Written by Melanie Rawn
Given that the subject of my novels (the Glass Thorns series) is a theater troup who use their magical abilities to enhance their performances, I am often asked the question: “How would your own favorite play work with the magic system you created for your Glass Thorns series?”
Answer: Well, here’s the thing. My favorites are pretty much anything by Shakespeare and Euripedes, Oscar Wilde and George Bernard Shaw, Lion in Winter, Long Day’s Journey into Night, and so on, none of which would benefit at all by the inclusion of the kind of magic that shows up in Glass Thorns. Those playwrights didn’t have any of the flash-dazzle I’ve given my theater troupe; they worked with what they had. Words.
Modern films of Shakespeare’s plays take great delight in showing massive battles (Agincourt, Bosworth Field) that the limitations of Elizabethan theater made impossible, but is it really necessary to see all the blood and gore and guts and horses and swords and armor and banners? One imagines that Shakespeare would have had huge fun with all that, but that fact that he didn’t have the option doesn’t seem to have bothered him much. To me, it’s rather like colorizing B&W movies: sure, it’d be interesting to see Bogie and Bergman in color, but would it really make Casablanca a better film?
Cole Porter, in his last musical for the stage, Silk Stockings, pokes fun at the technological advances of the ’50s, assuring us that nobody would come to see Ava Gardner as Lady Godiva bare-naked on a horse unless she was filmed in:
- Glorious Technicolor,
- Breathtaking Cinemascope or
- Cinerama, Vista Vision, Superscope, or Todd-A-O
- And Stereophonic sound!
If you’ve got toys, you play with them. You write with your toys in mind. This has, in our era of CGI, led to some really spectacular special effects in movies that are, shall we say, a trifle challenged when it comes to plot. Special effects can be delightful, but if you don’t have them to play with, you have to write words that engage the audience as completely as glorious explosions and breath-taking monsters and, heaven help us, sharknados.
(And stereophonic sound.)
Which is not to say such movies aren’t great fun. I’m a total pushover for space operas and let’s-blow-up-Los-Angeles movies, volcanoes and dinosaurs on the rampage. Toys are fun.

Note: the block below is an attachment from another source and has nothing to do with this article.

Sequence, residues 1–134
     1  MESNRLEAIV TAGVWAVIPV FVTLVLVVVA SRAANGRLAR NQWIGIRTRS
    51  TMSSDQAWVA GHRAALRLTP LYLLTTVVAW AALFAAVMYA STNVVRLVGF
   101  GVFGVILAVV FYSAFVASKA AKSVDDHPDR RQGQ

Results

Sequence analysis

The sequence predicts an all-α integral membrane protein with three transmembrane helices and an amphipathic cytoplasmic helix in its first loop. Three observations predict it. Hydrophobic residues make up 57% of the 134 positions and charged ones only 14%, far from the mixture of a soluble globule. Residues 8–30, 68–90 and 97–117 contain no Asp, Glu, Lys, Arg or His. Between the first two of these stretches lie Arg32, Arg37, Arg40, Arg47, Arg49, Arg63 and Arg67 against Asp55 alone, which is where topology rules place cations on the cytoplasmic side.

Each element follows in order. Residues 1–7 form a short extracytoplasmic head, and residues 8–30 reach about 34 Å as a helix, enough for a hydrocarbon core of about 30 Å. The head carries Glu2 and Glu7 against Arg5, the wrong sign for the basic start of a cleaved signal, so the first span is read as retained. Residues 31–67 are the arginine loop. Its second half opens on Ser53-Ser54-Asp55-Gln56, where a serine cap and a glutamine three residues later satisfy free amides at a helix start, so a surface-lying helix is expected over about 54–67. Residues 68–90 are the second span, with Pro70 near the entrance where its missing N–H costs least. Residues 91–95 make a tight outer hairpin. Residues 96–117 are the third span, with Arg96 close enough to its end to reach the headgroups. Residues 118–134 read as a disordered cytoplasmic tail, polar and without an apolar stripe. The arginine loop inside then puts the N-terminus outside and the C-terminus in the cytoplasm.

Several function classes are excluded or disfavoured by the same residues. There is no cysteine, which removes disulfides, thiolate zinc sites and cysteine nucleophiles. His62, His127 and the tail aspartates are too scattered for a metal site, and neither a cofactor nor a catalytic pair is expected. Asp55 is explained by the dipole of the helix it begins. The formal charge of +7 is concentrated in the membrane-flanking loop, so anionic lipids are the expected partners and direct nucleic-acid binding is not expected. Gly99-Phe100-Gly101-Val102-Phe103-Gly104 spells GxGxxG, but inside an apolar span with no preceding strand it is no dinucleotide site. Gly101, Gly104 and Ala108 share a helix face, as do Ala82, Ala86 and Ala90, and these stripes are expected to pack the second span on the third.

The plays my guys perform are actually quite short by our standards—less like a five-hour Hamlet, more like an hour-long Tommy. Their magical toys are sounds, sights, tastes, sensations, scents, and emotions, the intensity of which would become a serious strain on performers and audiences alike after an hour or so.
But what if you don’t have any toys? That’s something that I have my theater group think about, and it bothers them. What if they did a play without the sound effects or the physical sensations or the scenery or the emotions that are conjured by them with magic? They find the idea both intriguing and nerve-shredding. What they’ll eventually work around to is that it’s the words that matter in the end—which is scarcely a startling conclusion to find in a book by somebody who uses words.
When you get right down to the nitty-gritty, as they used to say in my long-ago childhood, as writers we can’t offer you Glorious Technicolor, Breath-taking Cinemascope, and so on and so forth. What we offer you in our books is writing. We use words to tell stories and delineate characters and posit ideas, and the words are all we have. The only thing we can do is write them, and hope that you enjoy them.
Even without Stereophonic sound.
From the Tor/Forge April 21st newsletter. Sign up to receive our newsletter via email.
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